Drogheda - A river runs through it. Unfortunately that river is the county boundary between Louth and Meath and that has caused many problems for local government and development over the years. Photo: Andy Spearman.
The fact that Drogheda straddles the Louth/Meath boundary has created myriad problems over the years and hindered development in the region.
But now, in what could be a major game-changer for the South Louth/East Meath region, provision is to be made for Councillors in both areas to form an Urban Area Committee which will allow for the urban area of Drogheda to develop in line with the National Development Plan.
The machinery of government grinds amazingly slowly but Minister for Housing, Local Government and Heritage, Darragh O'Brien, TD, told local Deputy Fergus O’Dowd that, once certain details are ironed out, he is hoping to provide for the setting up of Urban Area Committees in certain areas, including Drogheda, in the coming months.
In a written response to Deputy O’Dowd yesterday, the Minister said: “Provisions were included in the Local Government Bill 2018 to establish a statutory structure for local authorities to work together to ensure the proper planning and development of certain cross-boundary urban centres that significantly straddle two local authority boundaries.
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“The proposed legislation would apply to any area defined as an ‘urban area’ lying within the administrative area of more than one local authority that, according to a Census of Population, has a population of between 5,000 and 100,000 and where the population applicable to each of the component local authorities’ amounts to at least 15% of the total or 5,000 persons whichever is lower. Urban centres that would immediately meet these criteria are Athlone, Bray, Carlow, Limerick City, Portarlington, Waterford City and Drogheda.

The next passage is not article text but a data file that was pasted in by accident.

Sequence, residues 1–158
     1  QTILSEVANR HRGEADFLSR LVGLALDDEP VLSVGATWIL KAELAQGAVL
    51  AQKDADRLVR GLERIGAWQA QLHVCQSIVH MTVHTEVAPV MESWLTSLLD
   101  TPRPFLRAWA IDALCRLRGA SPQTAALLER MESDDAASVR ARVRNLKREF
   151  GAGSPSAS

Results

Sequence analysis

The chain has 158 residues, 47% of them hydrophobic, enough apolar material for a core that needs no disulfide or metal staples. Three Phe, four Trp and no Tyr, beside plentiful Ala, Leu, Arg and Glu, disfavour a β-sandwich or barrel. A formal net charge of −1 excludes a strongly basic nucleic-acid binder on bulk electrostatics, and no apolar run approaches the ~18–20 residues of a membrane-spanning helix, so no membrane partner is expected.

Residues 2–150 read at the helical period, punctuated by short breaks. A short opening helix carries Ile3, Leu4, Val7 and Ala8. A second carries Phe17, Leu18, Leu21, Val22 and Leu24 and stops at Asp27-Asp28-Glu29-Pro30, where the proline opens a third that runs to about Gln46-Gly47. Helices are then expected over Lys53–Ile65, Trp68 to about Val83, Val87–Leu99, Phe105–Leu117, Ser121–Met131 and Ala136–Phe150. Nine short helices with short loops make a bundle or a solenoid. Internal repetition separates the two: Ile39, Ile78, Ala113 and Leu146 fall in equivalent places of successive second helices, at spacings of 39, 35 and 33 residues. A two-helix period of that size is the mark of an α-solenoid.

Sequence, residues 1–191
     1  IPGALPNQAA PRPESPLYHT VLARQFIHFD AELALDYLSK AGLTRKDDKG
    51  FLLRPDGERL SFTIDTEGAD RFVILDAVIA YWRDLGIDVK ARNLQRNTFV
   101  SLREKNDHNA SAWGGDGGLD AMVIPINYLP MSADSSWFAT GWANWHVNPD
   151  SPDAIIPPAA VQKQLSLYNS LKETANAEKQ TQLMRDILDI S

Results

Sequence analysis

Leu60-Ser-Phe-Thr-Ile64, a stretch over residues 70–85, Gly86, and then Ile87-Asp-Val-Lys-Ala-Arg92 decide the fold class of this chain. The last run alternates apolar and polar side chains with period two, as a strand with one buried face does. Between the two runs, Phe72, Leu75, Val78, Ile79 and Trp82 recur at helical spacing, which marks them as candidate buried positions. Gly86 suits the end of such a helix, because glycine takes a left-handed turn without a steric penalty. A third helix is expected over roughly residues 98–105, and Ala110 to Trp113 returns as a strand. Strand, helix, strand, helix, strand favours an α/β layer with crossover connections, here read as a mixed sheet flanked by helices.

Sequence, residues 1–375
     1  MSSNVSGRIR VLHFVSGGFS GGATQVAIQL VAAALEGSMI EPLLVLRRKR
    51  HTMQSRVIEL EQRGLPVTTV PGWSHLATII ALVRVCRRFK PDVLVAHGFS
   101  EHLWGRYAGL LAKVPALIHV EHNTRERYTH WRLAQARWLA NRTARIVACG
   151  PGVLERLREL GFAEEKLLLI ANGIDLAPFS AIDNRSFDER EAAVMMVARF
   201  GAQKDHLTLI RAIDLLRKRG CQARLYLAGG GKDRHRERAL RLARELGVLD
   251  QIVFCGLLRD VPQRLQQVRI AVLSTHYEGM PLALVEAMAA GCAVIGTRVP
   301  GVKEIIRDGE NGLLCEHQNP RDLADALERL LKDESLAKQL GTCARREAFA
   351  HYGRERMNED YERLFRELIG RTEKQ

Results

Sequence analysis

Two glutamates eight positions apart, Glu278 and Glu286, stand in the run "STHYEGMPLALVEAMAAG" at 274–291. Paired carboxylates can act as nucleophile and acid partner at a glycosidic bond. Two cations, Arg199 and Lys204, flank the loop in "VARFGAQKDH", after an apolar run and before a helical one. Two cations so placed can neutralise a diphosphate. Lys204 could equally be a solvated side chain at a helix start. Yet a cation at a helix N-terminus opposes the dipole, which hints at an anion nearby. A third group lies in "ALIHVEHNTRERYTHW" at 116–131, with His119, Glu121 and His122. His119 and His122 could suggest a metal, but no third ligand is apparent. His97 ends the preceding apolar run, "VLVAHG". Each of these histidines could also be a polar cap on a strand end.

“Legislation to establish Urban Area Committees was approved by Government and included at Committee Stage of the Local Government Bill 2018, however it was defeated in the Seanad. A number of issues of concern were raised during the passage of the Bill including the membership number and structure of the Committees and the need to include adjoining Municipal Districts in the finalisation of a local area plan for an Urban Area Committee.
“The provisions initially tabled in the context of the Local Government Bill 2018 have now been updated to take account of those issues previously raised in the Oireachtas and it is hoped to bring forward these provisions to provide for the setting up of Urban Area Committees in the coming months.”
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